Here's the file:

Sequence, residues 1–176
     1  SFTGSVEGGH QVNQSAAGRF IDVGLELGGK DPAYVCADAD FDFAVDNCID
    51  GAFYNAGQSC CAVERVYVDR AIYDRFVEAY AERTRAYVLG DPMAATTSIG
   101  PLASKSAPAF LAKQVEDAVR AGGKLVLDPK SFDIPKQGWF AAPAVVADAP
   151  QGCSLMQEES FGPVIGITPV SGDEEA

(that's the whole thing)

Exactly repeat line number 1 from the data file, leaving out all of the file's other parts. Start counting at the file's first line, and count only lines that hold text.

Sequence, residues 1–176